In what they called the Lahore Declaration, signed in imperial grandeur in the Lahore governor's residence under the eyes of long-dead British governors of undivided Punjab, they pledged their two nations to "a vision of peace and stability ... and of progress and prosperity for their peoples". They also vowed to take "immediate steps" to reduce "the risk of accidental or unauthorised use of nuclear weapons" - without further elaboration.
In a memorandum of understanding released at the same time, they promised to give each other advance notice of ballistic missile flights, and to abide by their existing respective moratoriums on nuclear testing, unless circumstances dictated otherwise. According to India's Prime Minister, Atal Behari Vajpayee, the comprehensive Test Ban Treaty was discussed but no decision was taken on signing it.
Although described in advance as the most importance political breakthrough between the two countries for one-quarter of a century, the agreement was otherwise long on tender sentiment but short on fresh, concrete initiatives. As had been predicted, the feud over Kashmir was addressed only for the purpose of side-stepping it, though the premiers promised to "intensify the dialogue process" over the state's future.
But even on the question of nuclear security, the statements were vague. Nearly a year after India's nuclear tests, the best formula they could devise was to "undertake a review of the existing communication links ... with a view to upgrading and improving these links, and to provide for fail-safe and secure communications". There seemed to be startling complacency about the impossibility of anything much going amiss before the civil servants have undertaken their leisurely review.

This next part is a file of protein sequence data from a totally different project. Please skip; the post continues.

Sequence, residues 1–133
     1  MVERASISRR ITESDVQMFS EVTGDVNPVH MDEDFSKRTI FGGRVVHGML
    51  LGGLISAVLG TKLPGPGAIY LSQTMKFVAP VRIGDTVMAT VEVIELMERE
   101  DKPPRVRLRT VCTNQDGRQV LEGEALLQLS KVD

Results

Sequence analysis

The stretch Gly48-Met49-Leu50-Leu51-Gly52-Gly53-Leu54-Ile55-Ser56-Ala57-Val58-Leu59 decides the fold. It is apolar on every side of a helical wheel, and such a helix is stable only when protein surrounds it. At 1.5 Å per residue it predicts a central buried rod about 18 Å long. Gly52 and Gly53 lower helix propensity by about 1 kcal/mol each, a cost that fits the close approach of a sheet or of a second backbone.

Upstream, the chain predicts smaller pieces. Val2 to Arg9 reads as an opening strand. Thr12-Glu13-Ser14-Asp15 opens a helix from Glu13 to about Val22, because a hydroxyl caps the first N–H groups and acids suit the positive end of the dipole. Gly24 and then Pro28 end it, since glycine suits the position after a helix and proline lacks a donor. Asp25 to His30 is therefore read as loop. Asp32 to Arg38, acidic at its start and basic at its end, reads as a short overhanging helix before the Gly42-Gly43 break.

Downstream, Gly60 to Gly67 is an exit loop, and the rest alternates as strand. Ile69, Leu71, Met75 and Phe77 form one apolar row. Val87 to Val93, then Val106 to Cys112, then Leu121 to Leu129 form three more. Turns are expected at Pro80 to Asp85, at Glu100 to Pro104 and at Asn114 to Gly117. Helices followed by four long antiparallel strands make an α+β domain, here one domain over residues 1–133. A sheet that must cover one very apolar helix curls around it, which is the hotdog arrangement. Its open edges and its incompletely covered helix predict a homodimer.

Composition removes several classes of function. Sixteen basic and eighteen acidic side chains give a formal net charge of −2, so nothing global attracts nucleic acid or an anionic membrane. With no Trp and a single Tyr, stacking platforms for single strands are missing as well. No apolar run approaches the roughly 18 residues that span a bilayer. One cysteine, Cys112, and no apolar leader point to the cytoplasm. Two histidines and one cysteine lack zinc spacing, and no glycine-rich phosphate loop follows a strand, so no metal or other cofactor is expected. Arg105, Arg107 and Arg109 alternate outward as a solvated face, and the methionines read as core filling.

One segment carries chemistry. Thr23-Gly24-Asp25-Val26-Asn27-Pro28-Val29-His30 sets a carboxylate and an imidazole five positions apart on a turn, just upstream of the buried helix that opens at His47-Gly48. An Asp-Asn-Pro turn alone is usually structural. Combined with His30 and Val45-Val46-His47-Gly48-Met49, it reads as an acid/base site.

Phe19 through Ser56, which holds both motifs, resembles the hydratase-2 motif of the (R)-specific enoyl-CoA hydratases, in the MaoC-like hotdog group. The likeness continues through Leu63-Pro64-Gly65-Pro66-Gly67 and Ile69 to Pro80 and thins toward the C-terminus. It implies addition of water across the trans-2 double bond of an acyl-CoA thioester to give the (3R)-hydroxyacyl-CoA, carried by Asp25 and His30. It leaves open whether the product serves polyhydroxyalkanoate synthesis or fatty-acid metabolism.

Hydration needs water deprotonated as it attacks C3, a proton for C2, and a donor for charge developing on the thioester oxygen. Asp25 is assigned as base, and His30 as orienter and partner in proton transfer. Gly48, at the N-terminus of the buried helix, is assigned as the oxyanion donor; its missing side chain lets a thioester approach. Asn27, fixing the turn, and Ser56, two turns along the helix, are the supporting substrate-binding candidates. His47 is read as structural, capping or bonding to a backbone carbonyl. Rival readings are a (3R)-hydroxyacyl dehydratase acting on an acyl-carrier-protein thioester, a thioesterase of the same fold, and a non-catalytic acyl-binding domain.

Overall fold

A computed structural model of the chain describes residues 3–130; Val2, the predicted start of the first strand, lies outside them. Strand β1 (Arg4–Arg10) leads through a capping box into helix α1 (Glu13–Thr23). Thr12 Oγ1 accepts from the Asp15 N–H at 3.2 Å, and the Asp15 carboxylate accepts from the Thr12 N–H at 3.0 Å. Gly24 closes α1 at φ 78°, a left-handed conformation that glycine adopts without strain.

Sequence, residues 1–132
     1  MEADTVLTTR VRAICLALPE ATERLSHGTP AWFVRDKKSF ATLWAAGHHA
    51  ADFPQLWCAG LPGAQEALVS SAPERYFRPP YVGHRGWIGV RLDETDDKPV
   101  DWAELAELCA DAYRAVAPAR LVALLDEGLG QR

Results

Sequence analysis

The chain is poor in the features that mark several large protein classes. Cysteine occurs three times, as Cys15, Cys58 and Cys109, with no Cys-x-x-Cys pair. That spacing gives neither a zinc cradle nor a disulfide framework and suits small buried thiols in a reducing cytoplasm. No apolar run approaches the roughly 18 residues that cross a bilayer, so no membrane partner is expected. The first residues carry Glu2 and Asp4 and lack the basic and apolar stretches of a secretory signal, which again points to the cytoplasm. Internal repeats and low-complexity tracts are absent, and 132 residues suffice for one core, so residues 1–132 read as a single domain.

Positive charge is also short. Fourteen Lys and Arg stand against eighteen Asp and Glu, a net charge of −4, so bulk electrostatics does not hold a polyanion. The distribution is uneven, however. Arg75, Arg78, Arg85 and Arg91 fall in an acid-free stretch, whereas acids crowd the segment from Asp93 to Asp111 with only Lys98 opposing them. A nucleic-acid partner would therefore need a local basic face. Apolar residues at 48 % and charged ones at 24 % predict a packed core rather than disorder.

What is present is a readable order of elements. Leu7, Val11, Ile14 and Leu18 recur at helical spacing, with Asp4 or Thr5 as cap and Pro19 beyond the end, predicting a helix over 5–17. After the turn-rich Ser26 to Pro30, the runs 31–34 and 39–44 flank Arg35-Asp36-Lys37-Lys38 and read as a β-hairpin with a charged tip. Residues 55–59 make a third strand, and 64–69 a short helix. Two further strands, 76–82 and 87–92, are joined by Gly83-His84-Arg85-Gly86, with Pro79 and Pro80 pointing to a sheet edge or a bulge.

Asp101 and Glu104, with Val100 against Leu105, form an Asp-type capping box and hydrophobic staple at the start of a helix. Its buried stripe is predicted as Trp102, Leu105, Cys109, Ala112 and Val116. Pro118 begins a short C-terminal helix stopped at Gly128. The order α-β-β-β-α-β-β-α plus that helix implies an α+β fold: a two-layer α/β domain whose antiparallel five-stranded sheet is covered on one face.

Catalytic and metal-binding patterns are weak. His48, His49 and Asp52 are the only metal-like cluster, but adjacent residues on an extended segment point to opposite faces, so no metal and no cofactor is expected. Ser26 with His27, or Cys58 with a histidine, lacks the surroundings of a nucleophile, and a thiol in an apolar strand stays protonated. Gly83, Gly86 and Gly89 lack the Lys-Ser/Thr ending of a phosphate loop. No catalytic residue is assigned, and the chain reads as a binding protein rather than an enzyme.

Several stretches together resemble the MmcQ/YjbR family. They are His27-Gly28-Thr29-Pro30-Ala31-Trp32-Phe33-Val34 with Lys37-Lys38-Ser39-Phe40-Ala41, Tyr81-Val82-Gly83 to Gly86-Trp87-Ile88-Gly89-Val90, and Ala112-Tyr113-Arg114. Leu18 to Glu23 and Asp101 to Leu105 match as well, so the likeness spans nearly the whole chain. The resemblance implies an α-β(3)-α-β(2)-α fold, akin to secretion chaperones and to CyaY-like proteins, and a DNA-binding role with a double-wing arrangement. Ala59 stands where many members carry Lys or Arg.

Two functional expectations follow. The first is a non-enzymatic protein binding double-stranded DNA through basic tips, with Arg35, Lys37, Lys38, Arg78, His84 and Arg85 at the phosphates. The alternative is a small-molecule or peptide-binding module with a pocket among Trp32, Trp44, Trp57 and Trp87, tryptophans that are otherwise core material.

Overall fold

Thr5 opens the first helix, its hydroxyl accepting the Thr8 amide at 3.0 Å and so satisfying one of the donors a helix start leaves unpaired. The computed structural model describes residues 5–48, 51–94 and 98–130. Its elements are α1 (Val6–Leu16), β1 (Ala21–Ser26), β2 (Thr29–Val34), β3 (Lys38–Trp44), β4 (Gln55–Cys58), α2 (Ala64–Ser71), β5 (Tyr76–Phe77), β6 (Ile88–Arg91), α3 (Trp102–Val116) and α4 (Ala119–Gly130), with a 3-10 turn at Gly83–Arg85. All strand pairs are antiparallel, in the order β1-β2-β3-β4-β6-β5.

Warm sentiment, however, is where it needs to start and Mr Vajpayee provided that in buckets yesterday. An amateur poet whose work has just been release in Urdu' he treated Lahoris at a teaparty on the lawns of the governor's residence to a characteristic extemporaneous oration, full of alarmingly long pauses and flight of lyrical fancy.
He told the audience of his hatred of nuclear weapons. "At the time of the nuclear blasts, I was reminded of the poem I wrote when I visited Hiroshima and Nagasaki," he said. "I want to make it clear that those bombs were used not for defence and they are still a source of suffering to people who are still leading very difficult lives. We want a nuclear- free world. We will not use nuclear weapons. We want to build friendship."
At the joint press conference, Pakistan's Prime Minister Nawaz Sharif, like the businessman that he is, spoke more bluntly and to the point of the need to "comprehensively recreate our relationship ... we must bring peace and prosperity to south Asia. We owe this to the future generations."
Outside, the crows were circling over a city whose calm was not all it appeared. Earlier in the day more than 20 people were injured in clashes between police and protesters belonging to Jamaat-i-Islami Party. Elsewhere in the city thousands of riot police and soldiers clamped a sullen peace on the city. After his historic bus ride from India to Pakistan, Mr Vajpayee went home the fast way - by aircraft - from a country whose commitment to neighbourly amity is still less than total.Reuse content